GRP 0.05 0.07 0. 1 0.08 1332 (a) (b) 0.25 0.01 0.90°Ply R = 0.1 under stress amplitudes of 95 MPa and 140 MPa respectively.04 0. (c) Predicted fatigue damage evolution curves for 0 and 90 plies as number of fatigue cycles increases vs.6 0.05 σ = 95 MPa 0.4 0.06 0.35 0. Exp.02 0.15 R = 0.6 0.15 Pre.06 0.90°Ply 0. 0 2000 4000 6000 8000 10000 12000 0.1 0.0°Ply Pre.2 A.04 0.05 Pre.2 0.4 (c) (d) GRP 0.1 0.2 0 0.0°Ply GRP 0.02 0. (0/90) composite experimental data reported in reference [23].1 Vf = 0.1 Proposed damage equation (9) Proposed damage equation (7) σ = 95 MPa 0.58 0 Exp.03 Vf = 0.07 0. SHIRAZI composite based on Equation (9) vs.4 0.1 Proposed damage equation (7) σ = 140 MPa Proposed damage equation (9) 0. experimental data of GRP (0/90) composite plies with Vf ¼ 58% tested with R ¼ 0. 0 0 0 2 4 6 8 10 0 2×105 4×105 6×105 8×105 1×106 N (Cycles) × 105 N (Cycles) × 105 1 0. (a). (b).1 Vf =0.8 R = 0. VARVANI-FARAHANI 0.05 Pre.01 Vf = 0. (d) predicted damage curve of (0/90) GRP A.3 σ = 140 MPa 0. Exp.25 Pre.35 0.08 R = 0.4 Exp.03 Pre.8 GRP 0.58 0.58 0.2 0.3 0.58 0. AND 0 0 0 5 10 15 20 0 5 10 15 N (Cycles) × 103 N (Cycles) × 103 Figure 12. .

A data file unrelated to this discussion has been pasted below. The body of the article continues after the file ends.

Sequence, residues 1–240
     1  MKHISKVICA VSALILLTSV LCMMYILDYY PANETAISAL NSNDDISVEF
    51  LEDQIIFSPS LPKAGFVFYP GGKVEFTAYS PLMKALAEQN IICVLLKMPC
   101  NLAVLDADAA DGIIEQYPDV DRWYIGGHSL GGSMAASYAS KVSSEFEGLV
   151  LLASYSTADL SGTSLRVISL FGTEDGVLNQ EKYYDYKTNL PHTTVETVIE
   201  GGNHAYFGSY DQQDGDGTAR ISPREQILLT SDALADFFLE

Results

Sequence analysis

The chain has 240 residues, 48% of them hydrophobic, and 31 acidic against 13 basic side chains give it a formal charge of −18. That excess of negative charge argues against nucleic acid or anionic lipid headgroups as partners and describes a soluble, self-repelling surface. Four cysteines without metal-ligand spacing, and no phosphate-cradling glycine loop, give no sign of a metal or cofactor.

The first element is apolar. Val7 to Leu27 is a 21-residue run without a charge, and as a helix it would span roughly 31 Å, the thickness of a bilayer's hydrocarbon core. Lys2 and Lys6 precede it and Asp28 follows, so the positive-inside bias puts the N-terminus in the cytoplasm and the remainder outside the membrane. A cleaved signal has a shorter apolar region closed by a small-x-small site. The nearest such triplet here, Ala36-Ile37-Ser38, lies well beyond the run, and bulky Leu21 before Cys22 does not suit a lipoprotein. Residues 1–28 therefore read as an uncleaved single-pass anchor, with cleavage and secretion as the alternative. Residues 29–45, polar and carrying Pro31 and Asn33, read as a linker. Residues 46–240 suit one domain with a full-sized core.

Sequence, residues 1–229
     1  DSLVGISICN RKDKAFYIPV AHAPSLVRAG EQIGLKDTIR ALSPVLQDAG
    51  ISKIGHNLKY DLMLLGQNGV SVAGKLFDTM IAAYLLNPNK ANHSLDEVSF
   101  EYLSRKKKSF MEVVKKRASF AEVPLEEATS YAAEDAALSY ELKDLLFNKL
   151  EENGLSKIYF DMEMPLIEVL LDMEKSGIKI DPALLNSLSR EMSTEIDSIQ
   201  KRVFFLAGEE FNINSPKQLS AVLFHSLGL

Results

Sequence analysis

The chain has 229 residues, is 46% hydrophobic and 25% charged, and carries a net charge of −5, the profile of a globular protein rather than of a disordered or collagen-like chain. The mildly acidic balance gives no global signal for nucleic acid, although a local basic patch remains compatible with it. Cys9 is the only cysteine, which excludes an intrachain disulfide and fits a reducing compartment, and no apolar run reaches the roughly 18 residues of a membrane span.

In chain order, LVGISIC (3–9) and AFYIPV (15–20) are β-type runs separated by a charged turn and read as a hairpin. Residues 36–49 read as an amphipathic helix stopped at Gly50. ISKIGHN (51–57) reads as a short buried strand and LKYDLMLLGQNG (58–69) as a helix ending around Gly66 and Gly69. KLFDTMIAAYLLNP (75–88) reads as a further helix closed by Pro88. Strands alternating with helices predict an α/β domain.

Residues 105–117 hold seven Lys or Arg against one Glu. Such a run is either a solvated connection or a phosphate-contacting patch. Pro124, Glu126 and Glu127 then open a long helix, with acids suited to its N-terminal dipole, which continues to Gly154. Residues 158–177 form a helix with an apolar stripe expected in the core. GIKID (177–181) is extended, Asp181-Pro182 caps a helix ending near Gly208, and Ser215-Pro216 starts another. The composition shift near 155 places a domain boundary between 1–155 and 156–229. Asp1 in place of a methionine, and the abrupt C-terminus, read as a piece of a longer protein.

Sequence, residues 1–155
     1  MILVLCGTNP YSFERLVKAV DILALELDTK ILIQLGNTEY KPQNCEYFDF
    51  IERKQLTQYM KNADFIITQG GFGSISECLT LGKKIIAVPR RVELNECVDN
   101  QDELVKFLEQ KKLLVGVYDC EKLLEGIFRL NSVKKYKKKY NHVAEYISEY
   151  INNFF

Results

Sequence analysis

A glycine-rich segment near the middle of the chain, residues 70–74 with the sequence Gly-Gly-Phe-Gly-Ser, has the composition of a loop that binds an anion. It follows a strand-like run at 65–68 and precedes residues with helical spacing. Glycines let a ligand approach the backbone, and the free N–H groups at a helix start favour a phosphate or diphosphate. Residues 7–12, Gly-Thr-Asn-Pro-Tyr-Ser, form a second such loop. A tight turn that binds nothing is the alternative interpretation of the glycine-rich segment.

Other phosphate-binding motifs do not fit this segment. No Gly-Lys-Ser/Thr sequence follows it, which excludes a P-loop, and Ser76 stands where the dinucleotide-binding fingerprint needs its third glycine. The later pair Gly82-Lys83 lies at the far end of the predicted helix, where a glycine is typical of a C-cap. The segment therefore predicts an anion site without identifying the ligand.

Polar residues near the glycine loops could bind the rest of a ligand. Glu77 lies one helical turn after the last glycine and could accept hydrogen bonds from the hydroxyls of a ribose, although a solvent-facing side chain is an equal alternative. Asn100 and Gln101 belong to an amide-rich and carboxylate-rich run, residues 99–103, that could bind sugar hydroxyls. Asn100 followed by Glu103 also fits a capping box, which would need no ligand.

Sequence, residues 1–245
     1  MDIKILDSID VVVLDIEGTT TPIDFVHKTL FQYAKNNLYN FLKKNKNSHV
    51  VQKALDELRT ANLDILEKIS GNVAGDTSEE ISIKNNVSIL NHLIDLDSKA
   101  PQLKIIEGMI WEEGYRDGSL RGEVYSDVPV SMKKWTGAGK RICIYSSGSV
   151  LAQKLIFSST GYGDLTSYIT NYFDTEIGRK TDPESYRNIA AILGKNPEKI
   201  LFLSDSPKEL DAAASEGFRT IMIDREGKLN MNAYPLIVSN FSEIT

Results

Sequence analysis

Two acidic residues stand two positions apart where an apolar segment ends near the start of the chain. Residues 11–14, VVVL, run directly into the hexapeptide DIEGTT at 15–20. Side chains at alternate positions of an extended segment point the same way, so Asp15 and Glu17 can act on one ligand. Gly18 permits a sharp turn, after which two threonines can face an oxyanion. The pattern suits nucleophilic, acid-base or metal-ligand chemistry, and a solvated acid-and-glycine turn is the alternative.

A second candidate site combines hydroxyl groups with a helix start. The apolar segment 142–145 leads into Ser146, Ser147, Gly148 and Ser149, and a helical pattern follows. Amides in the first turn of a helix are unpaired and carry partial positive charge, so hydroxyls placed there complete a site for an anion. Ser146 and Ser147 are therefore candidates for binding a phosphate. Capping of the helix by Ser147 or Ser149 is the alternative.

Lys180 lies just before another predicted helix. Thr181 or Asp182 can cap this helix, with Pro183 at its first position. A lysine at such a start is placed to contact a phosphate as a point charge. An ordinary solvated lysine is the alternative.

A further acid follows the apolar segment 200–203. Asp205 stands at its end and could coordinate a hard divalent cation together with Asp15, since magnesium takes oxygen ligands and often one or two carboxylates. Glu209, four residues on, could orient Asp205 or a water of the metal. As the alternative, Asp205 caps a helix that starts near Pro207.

σ = 300MPa σ = 300MPa 0.8 0.5 Vf = 0.5 Exp. R = 0. (b).1 Exp.5 0.4 Proposed damage equation (7) 0. Pre.6 0.2 0. R = 0.1 under stress amplitudes of 210 MPa and 300 MPa respectively. (0/90) composite experimental data reported in reference [20].2 Proposed damage equation(9) 0 0 0 2 4 6 8 10 0 2 4 6 8 10 Fatigue Model for (0/90) FRP Composites N(Cycles) × 105 N(Cycles) ×105 1 1 GRP (c) GRP (d) Pre.6 0. σ = 210 MPa σ = 210 MPa 0. (a).4 0.8 Exp.90°Ply Vf = 0.1 0.1 Pre. .90°Ply Vf = 0.6 0.0°Ply Pre. (d) predicted damage curve of (0/90) GRP 1333 composite based on Equation (9) vs. 1 1 GRP (a) Pre.0°Ply R = 0. GRP (b) Pre.4 0. experimental data of GRP (0/90) composite plies with Vf ¼ 50% tested with R ¼ 0.8 0.2 0 0 0 500 1000 1500 2000 0 500 1000 1500 2000 N(Cycles) N(Cycles) Figure 13.2 0.8 Exp.4 Proposed damage equation (9) Proposed damage equation (7) 0.6 0.5 Vf = 0. (c) Predicted fatigue damage evolution curves for 0 and 90 plies as number of fatigue cycles increases vs.1 R = 0.